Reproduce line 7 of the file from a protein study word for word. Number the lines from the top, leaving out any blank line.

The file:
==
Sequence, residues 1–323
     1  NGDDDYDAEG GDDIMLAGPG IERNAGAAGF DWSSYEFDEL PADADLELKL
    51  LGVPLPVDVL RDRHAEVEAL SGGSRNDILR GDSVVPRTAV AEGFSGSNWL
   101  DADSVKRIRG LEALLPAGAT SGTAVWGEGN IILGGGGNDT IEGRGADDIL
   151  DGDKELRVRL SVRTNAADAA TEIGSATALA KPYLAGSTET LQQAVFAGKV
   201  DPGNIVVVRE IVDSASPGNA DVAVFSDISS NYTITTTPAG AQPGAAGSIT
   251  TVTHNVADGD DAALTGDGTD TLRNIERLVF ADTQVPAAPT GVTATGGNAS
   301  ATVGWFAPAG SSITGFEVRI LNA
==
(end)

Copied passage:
   251  TVTHNVADGD DAALTGDGTD TLRNIERLVF ADTQVPAAPT GVTATGGNAS